The Gap Is Narrowing Between IDF and ultra-Orthodox Customs

In both places there is a separation between women and men, between masculine and feminine areas, while the High Court of Justice says this is forbidden.

Never has the evil inclination been so evil and contagious. Kids turn into billy goats and heroes must struggle to overcome their urges on all fronts.

A month ago cadets left a pep rally after a female soldier-singer exposed her nakedness - with her voice. And last week, during the post-Simhat Torah celebration, hundreds of female soldiers were ordered to stay away from the celebrants and gather in a fenced-off area. The female commanders left in protest and returned to their base. It's a shame they didn't go home for good until they received an apology from the two brigadier generals who were present and didn't intervene. What's happening here all of a sudden? Have the emergency warehouses run out of baking soda to suppress our sexual urges?

A woman soldier.

The distance between the Israel Defense Forces and Mea She'arim is getting shorter. Although that ultra-Orthodox neighborhood in Jerusalem doesn't have any draftees, its spirit hovers over the ranks. In both places there is a separation between women and men, between masculine and feminine areas, while the High Court of Justice says this is forbidden. How very nice of it to do so.

And why shouldn't they expand the boundaries of separation if the gender-segregated buses continue to operate - young men in front and virgins in back - and the government subsidizes this gender-based apartheid. In New York too there was a report this week about a segregated bus line, and the mayor immediately declared: "Private people: You can have a private bus. Go rent a bus and do what you want on it."

It's clear that New York will mend its ways before Jerusalem, because the shtreimel-wearing shebab bow their heads before the authorities, and only here will they raise their heads. For from Zion shall exclusion come forth, for in Jerusalem ethnic and gender-based purification is taking place, women are disappearing from the public space, erased from ads and billboards. And the mayor fires his deputy for daring to turn to the courts to avenge the honor of her sisters.

"Don't judge someone until you've stood in his shoes," and we are trying to reach it, if not the place itself, then nearby. It's very hard to be a Jew who both guards his homeland and strictly observes the commandments; it's hard to be a brave soldier when there are so many Jewish Delilahs around.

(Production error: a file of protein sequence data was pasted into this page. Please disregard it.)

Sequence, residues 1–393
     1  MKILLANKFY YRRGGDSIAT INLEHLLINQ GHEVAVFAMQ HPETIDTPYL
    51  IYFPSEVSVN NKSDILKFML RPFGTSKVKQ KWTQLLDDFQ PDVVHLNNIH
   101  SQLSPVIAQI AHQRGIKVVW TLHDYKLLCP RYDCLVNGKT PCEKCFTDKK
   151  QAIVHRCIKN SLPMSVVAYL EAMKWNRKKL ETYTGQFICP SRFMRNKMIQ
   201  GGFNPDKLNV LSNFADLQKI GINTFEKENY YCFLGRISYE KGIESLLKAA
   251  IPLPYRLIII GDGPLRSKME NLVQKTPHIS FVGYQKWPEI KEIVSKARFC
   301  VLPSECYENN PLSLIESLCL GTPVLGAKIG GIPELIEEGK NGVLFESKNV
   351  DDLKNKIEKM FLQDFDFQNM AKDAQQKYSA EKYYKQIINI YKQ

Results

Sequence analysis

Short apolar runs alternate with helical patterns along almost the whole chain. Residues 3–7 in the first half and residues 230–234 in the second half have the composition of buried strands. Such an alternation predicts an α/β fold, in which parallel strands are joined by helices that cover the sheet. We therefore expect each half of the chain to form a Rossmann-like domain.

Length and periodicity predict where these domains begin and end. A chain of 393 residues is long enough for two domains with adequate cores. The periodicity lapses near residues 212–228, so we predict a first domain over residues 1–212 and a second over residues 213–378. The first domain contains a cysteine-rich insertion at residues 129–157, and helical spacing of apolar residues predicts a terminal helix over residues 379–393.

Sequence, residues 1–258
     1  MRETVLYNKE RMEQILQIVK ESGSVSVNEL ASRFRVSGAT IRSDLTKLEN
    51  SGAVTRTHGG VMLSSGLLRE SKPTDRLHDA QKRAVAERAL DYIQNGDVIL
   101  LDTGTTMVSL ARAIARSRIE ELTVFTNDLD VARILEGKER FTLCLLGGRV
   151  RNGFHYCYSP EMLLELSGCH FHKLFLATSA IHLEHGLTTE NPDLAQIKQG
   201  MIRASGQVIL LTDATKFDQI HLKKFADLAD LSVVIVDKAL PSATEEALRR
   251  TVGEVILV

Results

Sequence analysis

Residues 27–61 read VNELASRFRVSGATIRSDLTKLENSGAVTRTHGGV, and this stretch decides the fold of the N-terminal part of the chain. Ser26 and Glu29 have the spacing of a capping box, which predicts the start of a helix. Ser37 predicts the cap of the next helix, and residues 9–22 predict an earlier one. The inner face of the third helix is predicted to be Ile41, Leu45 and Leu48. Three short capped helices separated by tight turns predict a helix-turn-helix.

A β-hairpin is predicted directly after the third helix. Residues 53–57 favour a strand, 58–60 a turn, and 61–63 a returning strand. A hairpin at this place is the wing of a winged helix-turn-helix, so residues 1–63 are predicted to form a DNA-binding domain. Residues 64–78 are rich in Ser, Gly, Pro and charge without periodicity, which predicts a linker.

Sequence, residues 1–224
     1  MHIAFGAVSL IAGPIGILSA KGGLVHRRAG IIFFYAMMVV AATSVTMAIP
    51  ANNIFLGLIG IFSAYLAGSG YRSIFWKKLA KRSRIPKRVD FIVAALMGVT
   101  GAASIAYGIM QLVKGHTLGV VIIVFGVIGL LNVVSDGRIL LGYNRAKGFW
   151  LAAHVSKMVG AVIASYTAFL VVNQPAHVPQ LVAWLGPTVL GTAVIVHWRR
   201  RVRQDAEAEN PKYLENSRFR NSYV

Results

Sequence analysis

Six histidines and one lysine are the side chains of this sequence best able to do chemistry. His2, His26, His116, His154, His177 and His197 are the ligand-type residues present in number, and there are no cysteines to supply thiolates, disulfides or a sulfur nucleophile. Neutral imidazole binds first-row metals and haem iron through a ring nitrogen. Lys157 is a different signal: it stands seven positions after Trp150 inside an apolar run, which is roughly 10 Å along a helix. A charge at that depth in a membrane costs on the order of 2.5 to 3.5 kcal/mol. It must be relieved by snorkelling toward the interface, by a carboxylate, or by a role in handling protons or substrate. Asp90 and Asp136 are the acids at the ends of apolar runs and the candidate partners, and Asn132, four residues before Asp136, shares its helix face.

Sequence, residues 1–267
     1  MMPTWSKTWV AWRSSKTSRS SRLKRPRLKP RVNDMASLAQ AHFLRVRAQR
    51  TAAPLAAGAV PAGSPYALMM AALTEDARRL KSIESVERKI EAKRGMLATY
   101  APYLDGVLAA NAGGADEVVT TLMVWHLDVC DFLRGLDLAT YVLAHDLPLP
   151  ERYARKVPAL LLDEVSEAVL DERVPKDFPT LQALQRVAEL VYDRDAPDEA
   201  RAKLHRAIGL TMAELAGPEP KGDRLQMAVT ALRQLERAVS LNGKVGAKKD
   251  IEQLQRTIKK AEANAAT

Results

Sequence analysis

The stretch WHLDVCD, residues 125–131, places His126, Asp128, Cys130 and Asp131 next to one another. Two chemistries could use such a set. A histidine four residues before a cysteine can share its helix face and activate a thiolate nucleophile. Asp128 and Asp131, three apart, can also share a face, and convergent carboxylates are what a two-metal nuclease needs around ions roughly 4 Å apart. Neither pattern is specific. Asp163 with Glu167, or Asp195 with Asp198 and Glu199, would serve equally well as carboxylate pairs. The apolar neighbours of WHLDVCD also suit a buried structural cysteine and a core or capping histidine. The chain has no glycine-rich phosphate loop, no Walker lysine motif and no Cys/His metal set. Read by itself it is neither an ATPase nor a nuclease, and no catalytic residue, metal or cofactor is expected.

It's hard to see 6-year-old child Liliths studying together with boys their own age; the holy community of Beit Shemesh is already working to change the situation. And it's hard to be a bagger standing behind the female cashiers at the supermarket, who stand or sit, and sometimes bend over, may God preserve them, and us.

Even religious Zionism has fallen victim to ultra-Orthodox fanaticism. More educational institutions are separating the sexes, and religious Zionism's youth movement is also trying to save young souls. It would be preferable for Bnei Akiva's girls to wrap themselves in black rags like the Taliban.

The modesty brigades go outside the walls, and now they're attacking the kibbutzim. I couldn't believe a friend who told me about Kibbutz Ashdot Ya'akov (Ihud ), which recently held a Simhat Torah celebration in strictly Orthodox style - men in one place, women in another. Who will remove the dust from the eyes of the pioneer women who chiseled stones on the Tzemah-Tiberias road, who with the sweat of their brows cultivated the vegetable garden at the Kinneret farm? Had there not already been so many eulogies for the kibbutz movement, another one would have been added here.

Never has the status of women in Israel been so high, and never has it been so low. A woman is the president of the Supreme Court, while women head the protest movement and two political parties, with a third on the way. The day will come when they are asked to sit in the balcony of the Knesset, like in the synagogue. Male MKs won't protest their marginalization too loudly for fear that pious rabbis will attack them in their sermons.